Exposure to American culture and classroom setup has begun!

Exposure to American culture and classroom setup has begun!

I did not know this until now that when you are immersed in a new culture an inward obsession with identity is provoked. Several times you begin to question yourself who you are among all those in your new environment, what you are even doing there as if you do not know the cause and try to assess the extent of your relevance. But  you will begin to view the world through a completely different prism, one which highlights your differences and sobers you up to the fact that there is a rift between what you have always known and what you must now learn quickly to behave appropriately in a new society. I make it a point that I should befriend more Americans, and I feel for my sake I should make a more concerted effort to both gain and impart cultural awareness through friendships with Americans I know that will equip me to navigate the new complex society am finding myself part of!
Cultural adjustment is complicated because it goes beyond cultural understanding into a lot more to do with cultural interpretation/translation-different gestures and facial expressions mean different things in almost every culture. Also,  cars driving from the right is going against my inner natural senses. Growing up in Zimbabwe it had been hammered right into my skull that when crossing the road one should always look right and it is natural  without fail. Now imagine me relying on this very Zimbabwean information which is horrid misinformation in the US. Another example, all my life I feel embarrassed to look anyone direct into their eyes but now maintaining eye contact is more appropriate here -I still need to learn it!
There are so many things to learn, pounds instead of kilograms, Fahrenheit instead of Celsius, miles instead of kilometers, color instead of colour. Left instead of right!
I anticipated my first day of class with so much anxiety-28August, and my first class was ACT 151. I am not sure if I took something from this class on this particular day. Having been used to a classroom where I would sit next to my friend this time I instantly detected that it was going to be something else. I had to dismiss any prejudice of any kind -as I told myself on the first day that on this campus my future shines!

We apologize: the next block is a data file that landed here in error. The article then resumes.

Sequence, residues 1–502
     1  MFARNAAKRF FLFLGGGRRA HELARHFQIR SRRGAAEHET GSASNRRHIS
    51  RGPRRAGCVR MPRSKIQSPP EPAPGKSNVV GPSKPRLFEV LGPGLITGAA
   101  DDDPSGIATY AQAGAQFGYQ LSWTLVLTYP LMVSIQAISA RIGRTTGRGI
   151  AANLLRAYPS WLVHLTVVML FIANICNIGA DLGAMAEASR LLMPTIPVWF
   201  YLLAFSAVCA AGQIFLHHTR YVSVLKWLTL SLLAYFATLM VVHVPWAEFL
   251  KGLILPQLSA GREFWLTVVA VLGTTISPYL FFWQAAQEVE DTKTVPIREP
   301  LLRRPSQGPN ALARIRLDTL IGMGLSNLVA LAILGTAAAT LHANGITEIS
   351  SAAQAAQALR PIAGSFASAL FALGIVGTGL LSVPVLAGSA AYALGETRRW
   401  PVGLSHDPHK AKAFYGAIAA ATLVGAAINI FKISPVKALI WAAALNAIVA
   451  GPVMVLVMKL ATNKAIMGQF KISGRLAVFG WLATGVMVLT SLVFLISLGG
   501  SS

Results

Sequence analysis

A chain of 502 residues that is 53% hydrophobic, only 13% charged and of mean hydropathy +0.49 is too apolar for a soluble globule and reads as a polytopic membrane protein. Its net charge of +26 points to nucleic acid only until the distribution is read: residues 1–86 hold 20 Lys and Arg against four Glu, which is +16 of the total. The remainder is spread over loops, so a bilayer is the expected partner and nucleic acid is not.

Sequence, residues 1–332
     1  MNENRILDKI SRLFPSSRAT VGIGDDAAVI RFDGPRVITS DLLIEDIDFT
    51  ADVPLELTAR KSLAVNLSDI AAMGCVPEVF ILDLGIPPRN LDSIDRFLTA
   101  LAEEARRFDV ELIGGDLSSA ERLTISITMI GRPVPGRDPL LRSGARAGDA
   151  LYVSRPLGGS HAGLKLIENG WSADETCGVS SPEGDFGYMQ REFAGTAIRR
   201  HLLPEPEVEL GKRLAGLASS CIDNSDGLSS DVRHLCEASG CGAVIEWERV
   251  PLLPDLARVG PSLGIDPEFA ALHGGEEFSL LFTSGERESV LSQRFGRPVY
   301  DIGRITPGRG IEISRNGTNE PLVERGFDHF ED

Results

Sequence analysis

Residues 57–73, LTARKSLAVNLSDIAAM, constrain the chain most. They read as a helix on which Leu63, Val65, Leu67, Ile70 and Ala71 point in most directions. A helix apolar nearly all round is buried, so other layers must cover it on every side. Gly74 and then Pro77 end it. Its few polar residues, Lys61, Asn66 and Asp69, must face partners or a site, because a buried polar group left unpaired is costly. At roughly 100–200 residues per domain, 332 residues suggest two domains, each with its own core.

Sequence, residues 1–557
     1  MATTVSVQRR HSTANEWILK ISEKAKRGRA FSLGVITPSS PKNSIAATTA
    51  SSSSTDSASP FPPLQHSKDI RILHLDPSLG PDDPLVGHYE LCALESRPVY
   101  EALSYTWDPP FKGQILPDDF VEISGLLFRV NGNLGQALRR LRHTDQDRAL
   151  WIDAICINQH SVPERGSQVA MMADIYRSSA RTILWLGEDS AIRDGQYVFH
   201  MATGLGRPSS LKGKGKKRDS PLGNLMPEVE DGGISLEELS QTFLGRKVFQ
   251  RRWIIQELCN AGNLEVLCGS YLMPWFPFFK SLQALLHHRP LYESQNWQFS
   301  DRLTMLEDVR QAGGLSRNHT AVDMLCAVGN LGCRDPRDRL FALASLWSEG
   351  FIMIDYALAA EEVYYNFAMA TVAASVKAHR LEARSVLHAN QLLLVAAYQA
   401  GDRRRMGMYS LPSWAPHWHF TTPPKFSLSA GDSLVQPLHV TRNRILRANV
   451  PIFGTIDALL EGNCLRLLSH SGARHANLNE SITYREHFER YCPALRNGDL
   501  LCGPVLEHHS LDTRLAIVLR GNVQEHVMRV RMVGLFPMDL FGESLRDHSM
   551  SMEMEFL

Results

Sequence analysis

After going through the first week of my classes, I had got an insight of what to expect, realizing how engaging an American classroom is. You just don’t walk in without some preparation or rough idea of what is going to be discussed that day; it is just something else. Homeworks descend on a student like nobody’s business, and for fleeting moments I would freak out. I realized I need to start learning time management.
One of my biggest fear when I learned I was indeed coming to America for college was roommate-situation but, Dan, my roommate is nice I am learning so much from him. I appreciate his help and hanging in the grounds for no apparent reason by myself still refreshes me. These are some of the things beyond the classroom that makes my life meaningful at The Valley.

Arrival on Campus,Exciting experiences and Food.

Arrival on Campus,Exciting experiences and Food.

When we arrived on campus, I whispered in my mind that this is the campus conceiving my future- It’s what I had been longing for all summer. I have to let myself get comfortable and let it define my destiny. LVC is the campus that is going to watch me grow from a naive and innocent young man from the countryside of Zimbabwe into a complete citizen equipped to at least contribute to some of the problems labeled permanently by the society in the 21st century!

I arrived late afternoon the sun was spreading its light across the wide and expansive campus. Beautiful buildings sprawled over the green expanses of perfectly sheared lawns and rows of trees in neat pavements, everything I have seen since I arrived is beautiful. America as I have discovered, is beautiful, we have cities in Zimbabwe, but they are still incomparable.
When we arrived on campus, we went right to the LVC Book Store to get some t-shirts. I guess he was trying to create a more forthcoming atmosphere for us that homesickness will at least stay away, in fact, it worked. We headed to Caitlin’s office right away, located below the bookstore. Caitlin is awesome and invaluable to me, and I bet the whole International Students group would agree with me. I had known her for four months before this day through pre-departure emails, and I even knew her face because we had a couple of Skype calls while I was still in Zimbabwe. I had a great time working with her to prepare myself ahead of time for the life on campus. She cares!! She had instilled in me so much confidence that I was joining a supportive community -indeed it is, I love LVC. When we finally met, she was relieved because I guess she understood how hard it perhaps would get for me to negotiate my way through those airports and connect my planes but it just went smoothly.

My first dinner in America was that same evening; it took me by surprise as I failed to identify at least one single type of food. I told myself that everything is going to be confusing and I have to unlearn and relearn again like learning to talk again. With food, I am still struggling, and I am more inclined to eat the things I know such as eggs, sausage being my favorite, pizza, rice, and some I have no idea of what it is. I try a single American food daily and so far, have fallen in love with Kansas rice, my dessert is still simple cake and ice cream. It has been predicted back home that when I taste the delicious American food, I will be tempted to overeat.